On a busy Monday evening in April at Fairfield Medical Center in Lancaster, Ohio, a 50ish-year-old male presented with a chief complaint of dizziness, “difficulty getting his words out,” and a tongue that was not working properly. His family noticed a change in his voice. The evaluation by the emergency physician found no respiratory distress and a nonfocal neurological exam. The patient underwent a neurological workup focused on evaluating him for stroke, but brain imaging and other diagnostic testing uncovered no remarkable results. He was placed in the hospital for a possible transient ischemic attack.
Overnight, his ability to swallow and phonate deteriorated significantly, and he was moved to the intensive care unit (ICU). The consultant found new bilateral ptosis, sixth nerve palsy, and a diminished gag reflex. As neurologist Elizabeth Walz, MD, was completing her evaluation and considering this unusual set of deficits, two more patients arrived in the ED with similar deficits. Dr. Walz was consulted for those patients and worked with the emergency physician to make a connection, and the clinical diagnosis of botulism set the health system wheels in motion. The local and state public health departments were notified.
The Problem Grows, and the ED Shifts to Disaster Mode
As more patients with these symptoms arrived, some of the patients’ families recognized one another from their attendance at a Sunday potluck lunch at a church. The attendees consumed homemade dishes prepared by church members, and the leftovers were shared with a local senior citizens’ center. One of the dishes was a potato salad made from home-canned potatoes.
As the second day progressed, many more persons arrived in the ED with rapid onset of symptoms, including the first patient who would die. The accelerated pace of symptom onset was a great concern to the ED staff. It was feared that more victims could be in their homes, unable to recognize the unusual symptoms and not able to seek help. Therefore, management of this incident would need to include an active process of identifying all potential victims and locating and notifying them. This required an extensive interchange of information with church leadership, family members of the victims, and hospital staff. There were ultimately more than 50 adults and children considered at risk.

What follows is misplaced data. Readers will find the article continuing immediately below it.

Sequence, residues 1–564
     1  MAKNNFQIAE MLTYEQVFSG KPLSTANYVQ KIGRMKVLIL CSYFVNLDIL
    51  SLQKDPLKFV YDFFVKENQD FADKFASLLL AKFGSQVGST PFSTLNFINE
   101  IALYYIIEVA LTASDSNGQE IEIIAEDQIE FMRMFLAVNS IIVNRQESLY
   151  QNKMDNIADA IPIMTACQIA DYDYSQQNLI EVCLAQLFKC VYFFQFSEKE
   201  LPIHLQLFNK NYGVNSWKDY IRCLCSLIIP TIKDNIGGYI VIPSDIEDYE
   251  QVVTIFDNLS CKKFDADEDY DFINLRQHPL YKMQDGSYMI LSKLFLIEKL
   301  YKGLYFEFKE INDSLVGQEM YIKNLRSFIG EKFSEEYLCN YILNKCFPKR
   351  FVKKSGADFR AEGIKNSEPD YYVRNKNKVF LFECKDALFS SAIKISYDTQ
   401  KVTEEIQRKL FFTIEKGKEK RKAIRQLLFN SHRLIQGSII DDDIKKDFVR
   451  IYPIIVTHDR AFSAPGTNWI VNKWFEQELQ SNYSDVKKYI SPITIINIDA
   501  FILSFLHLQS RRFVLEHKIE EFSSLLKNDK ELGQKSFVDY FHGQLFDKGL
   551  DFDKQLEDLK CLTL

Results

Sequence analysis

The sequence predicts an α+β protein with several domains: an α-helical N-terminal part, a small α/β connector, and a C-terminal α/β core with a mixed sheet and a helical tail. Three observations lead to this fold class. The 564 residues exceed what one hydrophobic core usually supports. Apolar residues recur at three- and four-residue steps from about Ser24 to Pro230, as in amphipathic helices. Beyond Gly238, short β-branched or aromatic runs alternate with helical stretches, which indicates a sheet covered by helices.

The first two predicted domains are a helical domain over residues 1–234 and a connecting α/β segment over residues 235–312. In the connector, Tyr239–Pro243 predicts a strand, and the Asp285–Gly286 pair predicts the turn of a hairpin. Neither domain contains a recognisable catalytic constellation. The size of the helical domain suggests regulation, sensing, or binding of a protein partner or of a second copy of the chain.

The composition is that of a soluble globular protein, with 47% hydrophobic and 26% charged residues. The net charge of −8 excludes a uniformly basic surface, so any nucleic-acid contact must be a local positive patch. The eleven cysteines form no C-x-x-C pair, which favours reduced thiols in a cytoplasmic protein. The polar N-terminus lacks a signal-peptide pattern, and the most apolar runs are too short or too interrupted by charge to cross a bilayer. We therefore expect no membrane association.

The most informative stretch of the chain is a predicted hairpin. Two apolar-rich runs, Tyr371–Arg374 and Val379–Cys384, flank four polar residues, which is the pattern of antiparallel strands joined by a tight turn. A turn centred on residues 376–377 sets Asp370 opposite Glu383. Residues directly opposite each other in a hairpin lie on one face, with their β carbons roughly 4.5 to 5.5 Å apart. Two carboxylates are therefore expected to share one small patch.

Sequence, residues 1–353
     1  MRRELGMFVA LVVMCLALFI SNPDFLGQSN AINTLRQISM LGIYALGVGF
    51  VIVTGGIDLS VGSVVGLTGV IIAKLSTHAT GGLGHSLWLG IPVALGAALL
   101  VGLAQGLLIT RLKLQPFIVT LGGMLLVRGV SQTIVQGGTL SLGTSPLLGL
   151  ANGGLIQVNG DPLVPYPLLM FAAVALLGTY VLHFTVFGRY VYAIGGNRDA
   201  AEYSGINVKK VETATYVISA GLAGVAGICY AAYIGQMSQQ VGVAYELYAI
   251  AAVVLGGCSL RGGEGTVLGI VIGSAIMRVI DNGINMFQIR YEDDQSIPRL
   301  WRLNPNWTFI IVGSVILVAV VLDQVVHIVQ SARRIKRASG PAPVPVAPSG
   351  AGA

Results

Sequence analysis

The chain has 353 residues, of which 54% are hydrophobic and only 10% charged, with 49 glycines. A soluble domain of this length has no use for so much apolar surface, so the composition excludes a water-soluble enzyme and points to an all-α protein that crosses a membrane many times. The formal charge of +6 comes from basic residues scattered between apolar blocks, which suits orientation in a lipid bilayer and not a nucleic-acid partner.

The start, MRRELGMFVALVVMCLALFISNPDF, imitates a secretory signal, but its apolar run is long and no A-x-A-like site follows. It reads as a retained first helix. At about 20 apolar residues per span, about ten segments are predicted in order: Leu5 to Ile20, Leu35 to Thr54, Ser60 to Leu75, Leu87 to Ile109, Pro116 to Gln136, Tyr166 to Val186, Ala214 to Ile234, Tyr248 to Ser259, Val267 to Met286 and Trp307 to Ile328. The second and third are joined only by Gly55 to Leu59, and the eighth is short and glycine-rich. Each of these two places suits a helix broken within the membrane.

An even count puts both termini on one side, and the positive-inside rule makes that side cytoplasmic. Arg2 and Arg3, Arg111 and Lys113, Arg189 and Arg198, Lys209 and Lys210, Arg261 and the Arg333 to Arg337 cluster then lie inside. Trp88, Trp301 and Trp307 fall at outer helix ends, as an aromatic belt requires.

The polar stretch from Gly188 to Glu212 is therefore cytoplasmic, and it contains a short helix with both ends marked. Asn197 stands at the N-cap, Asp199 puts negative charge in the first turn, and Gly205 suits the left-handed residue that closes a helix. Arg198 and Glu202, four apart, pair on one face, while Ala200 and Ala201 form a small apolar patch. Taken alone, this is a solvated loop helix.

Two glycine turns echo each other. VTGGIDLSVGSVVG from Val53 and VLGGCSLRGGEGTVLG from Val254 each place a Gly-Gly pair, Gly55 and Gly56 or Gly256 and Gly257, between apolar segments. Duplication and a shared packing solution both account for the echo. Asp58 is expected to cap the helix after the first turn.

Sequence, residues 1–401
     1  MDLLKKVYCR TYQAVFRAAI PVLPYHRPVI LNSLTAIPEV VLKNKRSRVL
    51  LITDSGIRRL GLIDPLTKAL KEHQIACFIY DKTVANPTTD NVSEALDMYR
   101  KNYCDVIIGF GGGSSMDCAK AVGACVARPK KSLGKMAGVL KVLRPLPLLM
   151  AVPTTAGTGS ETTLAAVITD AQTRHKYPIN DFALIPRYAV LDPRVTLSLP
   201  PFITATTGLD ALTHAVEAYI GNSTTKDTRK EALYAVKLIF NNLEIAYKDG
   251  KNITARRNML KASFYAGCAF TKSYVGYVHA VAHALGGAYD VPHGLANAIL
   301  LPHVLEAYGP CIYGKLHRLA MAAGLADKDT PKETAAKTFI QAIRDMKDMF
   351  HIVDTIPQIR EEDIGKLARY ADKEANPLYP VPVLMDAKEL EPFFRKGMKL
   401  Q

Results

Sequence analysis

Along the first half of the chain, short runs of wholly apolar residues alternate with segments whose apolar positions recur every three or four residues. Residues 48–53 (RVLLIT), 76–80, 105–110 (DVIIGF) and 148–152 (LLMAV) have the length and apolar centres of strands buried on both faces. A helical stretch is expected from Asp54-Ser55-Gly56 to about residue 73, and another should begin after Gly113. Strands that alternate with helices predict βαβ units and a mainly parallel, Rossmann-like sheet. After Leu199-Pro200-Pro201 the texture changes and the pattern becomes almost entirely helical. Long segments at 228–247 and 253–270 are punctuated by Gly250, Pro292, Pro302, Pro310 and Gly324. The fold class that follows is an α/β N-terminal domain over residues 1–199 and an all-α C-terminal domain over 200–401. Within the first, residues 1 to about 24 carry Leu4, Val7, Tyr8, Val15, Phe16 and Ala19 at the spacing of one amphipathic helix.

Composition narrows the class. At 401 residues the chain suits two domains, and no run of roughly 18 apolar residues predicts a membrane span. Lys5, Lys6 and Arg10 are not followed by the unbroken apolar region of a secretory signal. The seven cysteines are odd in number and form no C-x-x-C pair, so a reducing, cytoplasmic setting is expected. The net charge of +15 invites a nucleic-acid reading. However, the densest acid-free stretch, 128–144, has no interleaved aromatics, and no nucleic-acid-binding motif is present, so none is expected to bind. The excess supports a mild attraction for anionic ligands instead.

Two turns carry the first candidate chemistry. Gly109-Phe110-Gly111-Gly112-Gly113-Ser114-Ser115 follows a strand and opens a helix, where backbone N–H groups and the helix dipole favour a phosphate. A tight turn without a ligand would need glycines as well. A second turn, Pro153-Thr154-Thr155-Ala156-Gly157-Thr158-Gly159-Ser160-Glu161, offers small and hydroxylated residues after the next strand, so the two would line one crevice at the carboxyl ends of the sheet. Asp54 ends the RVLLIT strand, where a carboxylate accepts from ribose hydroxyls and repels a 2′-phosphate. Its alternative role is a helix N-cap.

The subsequent 48 hours were consumed by a coordinated internal and external disaster response, with the ED serving as ground zero. The hospital incident command system (HICS) was activated, and the center of operations was located in the ED conference room. The operations and planning sectors included the frontline ED staff, local and state public health authorities, and the medical staff leadership of the medical center. Additional resources were placed in service, with regional fire and emergency medical services (EMS) leaders working with church leaders to systematically locate every individual who attended the potluck.